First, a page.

Once Neil and his family arrive in Houston, where they move into a tract-home neighborhood along with several of the other astronauts’ families, Chazelle depicts Armstrong and his buddies in quick, fleet, finely staged scenes that nail the essence of their camaraderie — a kind of leftover-’50s straight-arrow bond that’s always hovering around the unspoken fact that they’re rivals as well as pals, and that any one of them might end up a goner. The actors make vivid impressions, from Patrick Fugit as the ingenuous Elliot See to Jason Clarke, who plays Ed White as the sharpest and most convivial of Neil’s buddies, to Corey Stoll as the spiky tell-it-like-it-is Buzz Aldrin, who’s so blunt about his ambition that no one can stand him.
Gosling gives a tricky, compelling performance that grows on you. He plays Armstrong as a brainy go-getter who has learned to hold most of what he feels inside (he wrote musicals in college, and is now ashamed of it). Yet he lets out just enough emotion, especially when someone crosses him, to exude a quiet command. Shortly after he’s chosen to be a Gemini astronaut, Armstrong is strapped into a spherical training simulator that looks like a cross between a carnival ride and a medieval torture device. It turns you every which way at once, which results in each astronaut passing out, then running into the bathroom to throw up. But by the time Armstrong gets to ride a rocket in Gemini 8, the simulation turns real: His mission is to dock his capsule to an adjacent rocket, which happens without a hitch, but then everything goes haywire. The capsule starts “rolling left” (i.e., spinning out of the control). Gosling makes Armstrong a figure of intensely contained can-do moxie whose ability to guide a ship, especially when it’s at death’s door, is the essence of grace under pressure.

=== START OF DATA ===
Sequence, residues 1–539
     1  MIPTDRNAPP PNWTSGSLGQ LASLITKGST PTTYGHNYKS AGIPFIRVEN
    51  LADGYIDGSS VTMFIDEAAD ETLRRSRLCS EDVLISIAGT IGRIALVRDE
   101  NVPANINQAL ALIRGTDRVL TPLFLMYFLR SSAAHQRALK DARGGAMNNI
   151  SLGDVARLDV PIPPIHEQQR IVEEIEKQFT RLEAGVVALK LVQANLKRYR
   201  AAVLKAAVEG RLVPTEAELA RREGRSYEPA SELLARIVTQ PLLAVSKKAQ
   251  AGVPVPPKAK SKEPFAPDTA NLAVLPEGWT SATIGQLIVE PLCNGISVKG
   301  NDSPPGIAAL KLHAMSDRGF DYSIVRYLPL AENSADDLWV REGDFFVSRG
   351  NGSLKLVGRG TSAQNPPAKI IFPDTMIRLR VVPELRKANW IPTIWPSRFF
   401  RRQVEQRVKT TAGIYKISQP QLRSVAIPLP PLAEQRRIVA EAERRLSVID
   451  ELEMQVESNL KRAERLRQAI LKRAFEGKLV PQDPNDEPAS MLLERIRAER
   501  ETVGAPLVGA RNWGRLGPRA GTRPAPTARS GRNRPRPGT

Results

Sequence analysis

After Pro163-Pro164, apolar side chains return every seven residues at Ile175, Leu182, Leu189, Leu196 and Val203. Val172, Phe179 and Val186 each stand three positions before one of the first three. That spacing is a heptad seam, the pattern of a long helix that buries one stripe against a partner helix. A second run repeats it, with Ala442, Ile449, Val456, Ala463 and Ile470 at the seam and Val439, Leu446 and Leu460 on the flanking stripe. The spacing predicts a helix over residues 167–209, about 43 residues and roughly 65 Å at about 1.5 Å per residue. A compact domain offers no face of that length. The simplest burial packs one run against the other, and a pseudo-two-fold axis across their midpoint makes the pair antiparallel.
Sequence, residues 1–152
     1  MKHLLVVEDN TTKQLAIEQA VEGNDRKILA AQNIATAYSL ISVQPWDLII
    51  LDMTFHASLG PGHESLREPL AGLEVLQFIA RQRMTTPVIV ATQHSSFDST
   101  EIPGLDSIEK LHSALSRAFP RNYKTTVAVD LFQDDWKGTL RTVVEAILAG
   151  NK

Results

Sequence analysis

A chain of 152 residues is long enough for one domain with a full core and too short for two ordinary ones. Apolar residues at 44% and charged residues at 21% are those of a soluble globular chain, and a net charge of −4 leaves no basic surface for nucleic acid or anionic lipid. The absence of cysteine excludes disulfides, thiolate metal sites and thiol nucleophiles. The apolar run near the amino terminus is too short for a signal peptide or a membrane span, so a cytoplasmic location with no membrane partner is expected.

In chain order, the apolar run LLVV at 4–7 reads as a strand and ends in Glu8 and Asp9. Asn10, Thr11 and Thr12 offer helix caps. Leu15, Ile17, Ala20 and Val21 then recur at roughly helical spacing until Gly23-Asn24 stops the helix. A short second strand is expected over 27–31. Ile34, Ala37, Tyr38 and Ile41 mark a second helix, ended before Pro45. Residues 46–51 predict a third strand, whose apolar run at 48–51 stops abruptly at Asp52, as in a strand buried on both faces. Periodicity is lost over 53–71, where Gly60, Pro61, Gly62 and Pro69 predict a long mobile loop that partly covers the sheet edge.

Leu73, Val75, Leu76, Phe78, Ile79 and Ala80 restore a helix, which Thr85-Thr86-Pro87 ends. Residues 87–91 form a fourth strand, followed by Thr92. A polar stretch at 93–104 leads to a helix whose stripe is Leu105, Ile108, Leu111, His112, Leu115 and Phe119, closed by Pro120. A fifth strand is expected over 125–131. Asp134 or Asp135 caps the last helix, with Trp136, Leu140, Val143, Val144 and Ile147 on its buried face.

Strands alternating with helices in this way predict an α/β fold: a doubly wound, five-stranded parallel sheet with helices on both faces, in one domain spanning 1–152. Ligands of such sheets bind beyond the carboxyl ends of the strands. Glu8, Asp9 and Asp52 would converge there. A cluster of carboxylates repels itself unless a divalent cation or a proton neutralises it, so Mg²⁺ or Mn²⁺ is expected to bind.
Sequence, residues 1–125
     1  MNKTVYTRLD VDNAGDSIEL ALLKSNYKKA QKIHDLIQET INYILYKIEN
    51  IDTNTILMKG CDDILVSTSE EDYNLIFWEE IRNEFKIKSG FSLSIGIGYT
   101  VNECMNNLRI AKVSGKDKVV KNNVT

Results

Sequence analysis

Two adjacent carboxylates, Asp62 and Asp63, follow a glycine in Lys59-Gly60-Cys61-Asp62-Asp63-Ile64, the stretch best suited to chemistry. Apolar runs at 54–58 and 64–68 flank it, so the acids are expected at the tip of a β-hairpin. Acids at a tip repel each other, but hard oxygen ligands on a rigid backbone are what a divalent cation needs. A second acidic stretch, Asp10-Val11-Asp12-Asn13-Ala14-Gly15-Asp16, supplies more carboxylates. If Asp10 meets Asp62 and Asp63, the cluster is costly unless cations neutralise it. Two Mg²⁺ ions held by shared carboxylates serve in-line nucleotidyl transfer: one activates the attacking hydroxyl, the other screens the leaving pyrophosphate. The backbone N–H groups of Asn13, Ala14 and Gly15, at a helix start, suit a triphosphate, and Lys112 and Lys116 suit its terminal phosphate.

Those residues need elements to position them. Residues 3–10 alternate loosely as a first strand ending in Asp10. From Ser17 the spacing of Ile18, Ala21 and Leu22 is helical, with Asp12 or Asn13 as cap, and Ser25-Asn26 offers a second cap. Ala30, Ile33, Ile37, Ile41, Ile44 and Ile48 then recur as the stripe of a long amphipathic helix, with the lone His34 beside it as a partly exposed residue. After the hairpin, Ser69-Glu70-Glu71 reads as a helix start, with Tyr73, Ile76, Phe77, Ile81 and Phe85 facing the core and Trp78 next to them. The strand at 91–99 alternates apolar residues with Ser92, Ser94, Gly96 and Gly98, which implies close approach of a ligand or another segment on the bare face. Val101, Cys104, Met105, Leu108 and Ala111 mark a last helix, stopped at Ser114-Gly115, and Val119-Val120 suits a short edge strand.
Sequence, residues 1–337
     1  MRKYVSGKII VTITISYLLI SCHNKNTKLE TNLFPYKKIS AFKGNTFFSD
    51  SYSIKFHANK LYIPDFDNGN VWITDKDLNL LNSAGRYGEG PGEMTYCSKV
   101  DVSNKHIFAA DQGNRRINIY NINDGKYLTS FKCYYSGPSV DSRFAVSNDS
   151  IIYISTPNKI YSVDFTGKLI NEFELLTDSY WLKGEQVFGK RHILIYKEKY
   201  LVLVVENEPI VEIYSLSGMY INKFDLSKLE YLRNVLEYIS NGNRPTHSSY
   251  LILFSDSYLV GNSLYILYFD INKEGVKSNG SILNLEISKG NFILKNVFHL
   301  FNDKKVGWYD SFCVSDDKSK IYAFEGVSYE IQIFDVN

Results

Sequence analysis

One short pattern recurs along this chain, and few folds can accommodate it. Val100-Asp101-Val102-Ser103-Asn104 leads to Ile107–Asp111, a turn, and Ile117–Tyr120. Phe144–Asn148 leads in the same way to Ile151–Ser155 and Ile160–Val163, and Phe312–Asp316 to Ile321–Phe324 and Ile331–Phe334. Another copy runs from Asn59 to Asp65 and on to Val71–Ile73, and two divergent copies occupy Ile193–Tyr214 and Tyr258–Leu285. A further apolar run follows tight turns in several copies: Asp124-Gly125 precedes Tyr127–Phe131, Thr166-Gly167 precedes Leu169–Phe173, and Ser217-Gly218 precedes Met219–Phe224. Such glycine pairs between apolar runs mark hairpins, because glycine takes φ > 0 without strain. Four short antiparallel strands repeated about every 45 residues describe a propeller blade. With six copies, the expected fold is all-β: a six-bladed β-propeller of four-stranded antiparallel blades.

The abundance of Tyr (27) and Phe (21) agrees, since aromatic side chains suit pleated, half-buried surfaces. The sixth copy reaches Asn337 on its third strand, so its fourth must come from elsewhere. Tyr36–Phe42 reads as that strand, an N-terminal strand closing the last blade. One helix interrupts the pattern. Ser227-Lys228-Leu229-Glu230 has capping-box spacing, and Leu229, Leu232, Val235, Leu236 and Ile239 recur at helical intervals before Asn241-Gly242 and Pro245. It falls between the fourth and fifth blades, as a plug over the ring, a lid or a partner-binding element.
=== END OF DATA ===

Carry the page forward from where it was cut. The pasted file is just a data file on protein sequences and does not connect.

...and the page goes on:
As the movie presents it, each new flight marks an attempt to do something beyond what the previous flight accomplished. The missions are all about the NASA engineers testing out their ships’ ability to orbit, then to dock, then to release smaller ships into space (the strategy that will produce the Eagle module that lands on the lunar surface). That means that every flight, from the first Gemini mission to the Apollo moon landing, is literally unprecedented. Everything is planned out, but on some level the missions are all acts of conjecture; each flight is winging it. That’s why there are huge mistakes, and huge tragedies (like the moment Ed White and two other astronauts burn to death in the cockpit during preflight testing for the first manned Apollo mission).
No wonder Armstrong’s wife is a nervous wreck. Claire Foy plays Jan as someone who just wants a “normal” life, but now wears a mask of woe. As the movie goes on, Foy’s performance grows in antsy chain-smoking force, and we realize that Jan’s burden isn’t only her fear. It’s that it’s her job to feel the emotions her husband buries. She knows how much NASA is making this up as it goes along (“You’re a bunch of guys making models out of balsa wood! You don’t have anything under control!”) As for Armstrong and his astronaut cronies, they may be famous, yet they’re a million miles from the public, from the reporters who pester them at press conferences, from the Congressional leaders who are tired of funding them. They’re in their own private bunker of frayed-nerve space dreams. By the time the moon mission arrives, Armstrong’s awareness of what could happen to him up there is so vivid that it has all but cut him off. Before he leaves home, Jan yells at him to sit down with their kids and tell them that he might not come back.
Oddly, the moon landing itself finds its drama in the eerie matter-of-factness with which Chazelle stages it. Here’s one event that’s already fixed, in our mind’s eye, as the greatest sci-fi movie reality ever made, so “First Man” plays it neutral and deadpan, showing us the moon through the capsule window as a death zone of luminous rubble, then reveling in the texture of the sand, in the spooky remoteness of Armstrong gazing down at his boot as he takes that first step. It’s a staggering victory with a hidden hint of the surreal, maybe even the insane. It makes Neil Armstrong a hero, but he needs to get back to reality.
“First Man” isn’t just timed for awards season. Its release is set to lead into the 50th anniversary of Armstrong’s moon walk, and for audiences it should prove a cathartic experience to revisit the spirit of what America once did, and what America used to be. After seeing “First Man,” it’s doubtful you’ll think about space flight, or Armstrong’s historic walk, in quite the same way. You’ll know more deeply how it happened, what it meant and what it was, and why its mystery — more than ever — still lingers.